Conservation agriculture news
UC scientists presented recent additions to the growing body of research on conservation tillage in California at the second annual Twilight Conservation Tillage and Cropping Systems field day Sept. 8, demonstrating progress in agricultural systems that will help farmers cut production costs, reduce soil disturbance and save water.
UC scientists and their partner farmers are conducting research that address the current needs of the San Joaquin Valley agricultural industry and research that is looking to the future by anticipating changes that may need to be negotiated in coming decades.
During the field day at UC's West Side Research and Extension Center in Five Points, Calif., participants visited two primary research areas. The first is the longest-standing conservation ag system study in California, where a cotton/tomato rotation has been farmed for 12 years running. The plots include standard tillage with and without cover crops and conservation tillage with and without cover crops.
“This might be the most-visited research field in California,” said Jeff Mitchell, UC Cooperative Extension vegetable crops specialist and chair of the CT workgroup. “Many students and scientists have conducted research here.”
For example, scientists have been able to quantify significant improvements in soil quality with the use of cover crops and conservation tillage. UC Davis soil biochemist Will Horwath reported that conservation tillage combined with an off-season cover crop has increased the soil carbon content close to five tons per hectare.
“Is that significant?” Horwath asks. “Yes. In 10 years, we have almost doubled the soil carbon content.”
Because of the valley’s dry, hot climate, the native soils are typically very low in carbon, which is a characteristic of low soil quality. Carbon in the soil acts as a glue, helping reduce wind erosion.
“There are more than 17,000 center pivots in the state of Nebraska, and it is estimated that there are somewhere between 300 and 500 pivots currently in use in California, the No. 1 ag state in the nation,” Mitchell said. “This situation is changing rapidly.”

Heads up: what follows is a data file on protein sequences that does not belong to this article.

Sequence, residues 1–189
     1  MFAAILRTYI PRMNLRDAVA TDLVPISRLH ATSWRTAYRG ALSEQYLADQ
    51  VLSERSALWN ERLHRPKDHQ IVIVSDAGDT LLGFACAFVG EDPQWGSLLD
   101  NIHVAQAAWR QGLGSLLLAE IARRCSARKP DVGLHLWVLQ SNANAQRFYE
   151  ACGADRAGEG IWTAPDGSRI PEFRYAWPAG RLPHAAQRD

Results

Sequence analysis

Overhead irrigation is efficient, automated, allows for diverse cropping and, with soil residues from conservation tillage, permits uniform infiltration.
Four users of overhead irrigation shared their experiences with overhead irrigation at the field day. West side farmer John Deiner said mechanized irrigation has significantly reduced labor input in his agronomic crops while boosting crop yields.
“Our corn grew two to three feet taller under the pivot,” he said.
Will Taylor of King City grows potatoes for In and Out Burger under center pivots. He said his yields are 20 percent higher when using the overhead irrigation system.
“Once you overcome challenges,” Taylor said, “they’re awesome.”
He demonstrated their ease of use by bringing along his 9-year-old son Liam, whom he said can already manage the machine.
Darryl Cordova of Denair uses overhead irrigation in a hilly area on the east side of the valley.
“What used to take three guys six hours of moving pipe is now done with a push of a button on my cell phone,” Cordova said.
Scott Schmidt, who farms across the street from the West Side Research and Extension Center, said he has learned how to successfully use overhead irrigation and conservation tillage from the “school of hard knocks.”
“Most of the problems have been self-inflicted wounds,” Schmidt said. But now, he calls the system “flawless.” “We have seven pivots that I operate remotely from my phone.”
See the video here:
Participants will learn how San Joaquin Valley farmers are using overhead, mechanized, automated irrigation and conservation tillage to cut production costs. Overhead irrigation and conservation tillage also have the potential to improve soil quality, save water and cut back on agricultural dust emissions.